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Autumn Riding - 5.0 out of 5 based on 2 votes

Autumn Riding


It’s the time of year the days are getting shorter, the mornings colder, but we still get up, climb on the bike and get those miles in. But in this period of weather-based uncertainty what do we wear? The morning chill is too cold for the summer gear we have been happy in for the last few months, perfectly aligning the short to maintain that crisp tan line like a badge of honour. But not cold enough to break out the thickest warmest kit, it’s time to layer.

“less than 15 degrees cover the knees” (Andrew L. Pruitt, EdD)

I first heard this quote years back while I was at the Boulder centre for sports medicine listening to Dr Pruitt speak about biomechanics in relation to bike fitting. We have lots of customers come to the shop pay hundreds of pounds to get the bike set up perfectly for them to avoid injury but then spend the autumn/winter months wearing a thick jacket and summer shorts. The knee joint is not well protected by the body, it is not surrounded by loads of muscle or fat and it is at the leading edge for the cold head wind you ride into every morning. Like any good hinge it needs lubrication. In cold weather the blood flow can become restricted and the natural lubricant found in the knee less effective; causing knee pain or inflammation. If its cold enough for a gilet or thicker top, its time to cover up those knees.
This time of year, I find my ideal line up of kit consists of:

Summer weight jersey with a base layer underneath (for those colder days a nice merino wool one).

Fleeced arm warmers (this way when it gets warmer towards mid-day you take them off).

Summer or fleeced shorts

Fleeced knee warmers

For those colder mornings start off with a wind stopper gilet to keep the cold wind off your chest.

If you suffer from cold hands then a lightweight set of full finger gloves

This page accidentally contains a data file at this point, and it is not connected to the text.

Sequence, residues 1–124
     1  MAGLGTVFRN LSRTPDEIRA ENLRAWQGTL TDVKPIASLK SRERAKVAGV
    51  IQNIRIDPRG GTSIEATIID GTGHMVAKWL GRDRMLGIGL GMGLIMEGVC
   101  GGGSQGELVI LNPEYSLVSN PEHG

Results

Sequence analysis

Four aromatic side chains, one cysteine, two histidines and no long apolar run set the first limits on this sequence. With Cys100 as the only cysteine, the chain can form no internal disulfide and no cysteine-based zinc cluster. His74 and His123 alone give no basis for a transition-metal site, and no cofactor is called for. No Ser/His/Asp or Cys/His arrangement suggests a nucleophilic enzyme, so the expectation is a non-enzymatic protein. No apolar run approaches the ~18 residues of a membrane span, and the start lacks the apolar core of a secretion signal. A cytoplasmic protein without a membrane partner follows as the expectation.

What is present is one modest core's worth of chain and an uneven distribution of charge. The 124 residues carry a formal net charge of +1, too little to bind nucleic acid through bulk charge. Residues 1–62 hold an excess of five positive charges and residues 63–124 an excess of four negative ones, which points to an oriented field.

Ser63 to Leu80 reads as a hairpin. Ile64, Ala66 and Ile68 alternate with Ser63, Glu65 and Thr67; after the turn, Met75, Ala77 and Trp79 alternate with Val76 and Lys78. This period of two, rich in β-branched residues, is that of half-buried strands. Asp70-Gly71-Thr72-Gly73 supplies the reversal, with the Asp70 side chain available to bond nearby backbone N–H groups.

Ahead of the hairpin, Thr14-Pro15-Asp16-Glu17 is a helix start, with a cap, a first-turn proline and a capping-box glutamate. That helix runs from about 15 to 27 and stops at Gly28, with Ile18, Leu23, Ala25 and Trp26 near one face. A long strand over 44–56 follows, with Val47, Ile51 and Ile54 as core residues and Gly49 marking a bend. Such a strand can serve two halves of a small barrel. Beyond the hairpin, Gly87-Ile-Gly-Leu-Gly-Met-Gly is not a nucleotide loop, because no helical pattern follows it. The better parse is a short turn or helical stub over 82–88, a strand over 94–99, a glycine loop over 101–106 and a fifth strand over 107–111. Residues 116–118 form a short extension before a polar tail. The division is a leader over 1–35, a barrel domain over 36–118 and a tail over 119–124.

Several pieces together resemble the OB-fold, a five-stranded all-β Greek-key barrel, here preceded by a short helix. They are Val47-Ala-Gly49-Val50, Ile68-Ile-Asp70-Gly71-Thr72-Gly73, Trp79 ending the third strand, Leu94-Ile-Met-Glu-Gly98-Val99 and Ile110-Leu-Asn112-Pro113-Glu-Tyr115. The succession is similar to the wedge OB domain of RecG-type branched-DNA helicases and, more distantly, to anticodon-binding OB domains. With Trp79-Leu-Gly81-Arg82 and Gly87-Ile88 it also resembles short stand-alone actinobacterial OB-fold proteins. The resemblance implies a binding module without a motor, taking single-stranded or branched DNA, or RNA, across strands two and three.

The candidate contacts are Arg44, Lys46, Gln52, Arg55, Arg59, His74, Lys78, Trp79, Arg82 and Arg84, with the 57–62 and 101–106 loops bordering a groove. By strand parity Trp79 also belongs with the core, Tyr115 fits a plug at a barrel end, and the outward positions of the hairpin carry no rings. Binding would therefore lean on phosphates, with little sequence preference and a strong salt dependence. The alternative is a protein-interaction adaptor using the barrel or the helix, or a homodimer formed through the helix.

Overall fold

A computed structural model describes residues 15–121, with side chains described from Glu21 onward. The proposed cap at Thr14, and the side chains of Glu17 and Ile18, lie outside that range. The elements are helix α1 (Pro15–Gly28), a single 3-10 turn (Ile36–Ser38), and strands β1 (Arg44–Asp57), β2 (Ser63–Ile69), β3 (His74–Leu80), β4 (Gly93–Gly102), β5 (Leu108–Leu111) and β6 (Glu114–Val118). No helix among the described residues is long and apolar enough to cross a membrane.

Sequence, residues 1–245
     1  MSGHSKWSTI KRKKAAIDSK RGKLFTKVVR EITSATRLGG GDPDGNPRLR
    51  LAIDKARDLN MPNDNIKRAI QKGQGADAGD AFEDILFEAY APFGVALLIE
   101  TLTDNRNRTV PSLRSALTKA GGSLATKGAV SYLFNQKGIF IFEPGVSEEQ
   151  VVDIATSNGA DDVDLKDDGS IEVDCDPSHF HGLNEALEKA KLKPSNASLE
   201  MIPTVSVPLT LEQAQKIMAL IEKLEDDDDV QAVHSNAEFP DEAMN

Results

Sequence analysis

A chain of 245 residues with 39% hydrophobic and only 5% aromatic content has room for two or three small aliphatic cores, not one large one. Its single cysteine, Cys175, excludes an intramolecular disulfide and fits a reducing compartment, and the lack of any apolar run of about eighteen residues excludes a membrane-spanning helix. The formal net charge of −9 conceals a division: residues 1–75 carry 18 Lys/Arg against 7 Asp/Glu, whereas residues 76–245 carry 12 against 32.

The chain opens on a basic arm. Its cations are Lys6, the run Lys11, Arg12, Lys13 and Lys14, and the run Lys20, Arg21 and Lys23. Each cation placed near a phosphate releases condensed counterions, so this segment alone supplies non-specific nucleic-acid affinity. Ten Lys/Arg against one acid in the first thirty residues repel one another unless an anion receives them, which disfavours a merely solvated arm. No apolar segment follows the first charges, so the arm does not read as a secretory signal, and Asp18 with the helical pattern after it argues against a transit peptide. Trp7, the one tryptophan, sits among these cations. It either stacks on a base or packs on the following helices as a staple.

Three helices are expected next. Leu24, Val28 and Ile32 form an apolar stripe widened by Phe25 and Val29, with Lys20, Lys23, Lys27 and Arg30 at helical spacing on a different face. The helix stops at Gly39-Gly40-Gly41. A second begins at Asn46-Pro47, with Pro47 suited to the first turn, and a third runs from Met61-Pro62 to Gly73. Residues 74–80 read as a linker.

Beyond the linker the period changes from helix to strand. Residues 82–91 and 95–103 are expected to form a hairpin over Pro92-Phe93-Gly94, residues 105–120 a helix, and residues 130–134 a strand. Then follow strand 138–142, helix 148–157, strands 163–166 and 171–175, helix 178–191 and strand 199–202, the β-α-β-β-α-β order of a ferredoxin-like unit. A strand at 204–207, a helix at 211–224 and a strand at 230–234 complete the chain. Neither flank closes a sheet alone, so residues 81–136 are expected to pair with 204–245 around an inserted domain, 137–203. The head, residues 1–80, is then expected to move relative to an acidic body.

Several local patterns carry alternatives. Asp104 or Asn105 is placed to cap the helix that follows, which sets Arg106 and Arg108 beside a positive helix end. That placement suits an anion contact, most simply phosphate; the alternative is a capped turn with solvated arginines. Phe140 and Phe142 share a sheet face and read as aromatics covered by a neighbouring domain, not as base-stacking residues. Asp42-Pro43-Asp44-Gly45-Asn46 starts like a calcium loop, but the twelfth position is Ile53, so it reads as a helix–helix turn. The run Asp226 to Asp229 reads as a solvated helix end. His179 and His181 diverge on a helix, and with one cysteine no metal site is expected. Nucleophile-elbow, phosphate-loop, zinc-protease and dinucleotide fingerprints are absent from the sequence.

This seems like a lot of kit but most of it is summer stuff you are repurposing. Adding in some arm and knee warmers is a small expense to bridge the gap before winter jacket and tights season. A merino base layer is cheaper and far nicer to wear on long rides than a thick fleece jersey because it will wick moisture away from your skin.

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La Vuelta - - 5.0 out of 5 based on 3 votes
La Vuelta -
Watching La Vuelta on TV reminds us of the joy of cycling in Spain and many of the reasons we set up Vuelta Cyling – fantastic roads, breath-taking scenery, hugely varied landscapes and great climate (although admittedly 40ois a bit too hot!). (Of course there are other reasons we love cycling in Spain – namely the super-friendly people, great food, wine and cold beer stops!)
We set up Vuelta last year, when we organised a charity ride from London to Valencia, riding 1,100km through San Sebastián, Pamplona, Logroño, Soria and Teruel. Not only did we raise £35,000 for Cardiac Risk in the Young, we had the journey of a lifetime and well and truly caught the Spanish cycling bug. We kind of had it anyway to be honest – the three partners in Vuelta all have strong connections with Spain; Ash has a house near Girona (cycling heaven), James lives and cycles in Javea and I lived and took up cycling in Valencia.
This year’s race is heating up nicely, with lots of attacking riding, unpredicted breakaways and dramatic finishes already, and it’s only going to get better. Look out for the stage 15 Lagos de Covadonga summit finish tomorrow (Sunday). 
The stage we're really looking forward to is Stage 17 (on Wednesday 12th) to Monte Oíz (otherwise known as the Basque Balcony, for its stunning views of the region). Monte Oíz features for the first time in La Vuelta and is on one of our Vuelta a San Sebastián routes. We rode it on a reccy visit last year and it’s a beauty, as you’ll see below (excuse the amateur photos, but you get the idea!). Our next San Sebastián trip is 21-23 June, and features beautiful green Basque Country routes, empty roads, amazing food and a day’s riding with Abraham Olano, winner of La Vuelta itself in 1995. You’ll find more details at
The other big stage for us is Stage 19 to Col de la Rabassa in Andorra. The stage starts near our Girona base and ends with a 17.5km climb, at an average gradient of 6.3%. It doesn’t feature in our Vuelta a Girona routes yet, but it could do if there’s popular demand! Make sure to watch the stage on Friday 14thand let us know if you fancy it! 
We hope you enjoy watching the rest of the race and that it tempts you to ride your own Vuelta next year. If you're interested, please get in touch  and enter our free prize draw to win a cycling holiday to Girona

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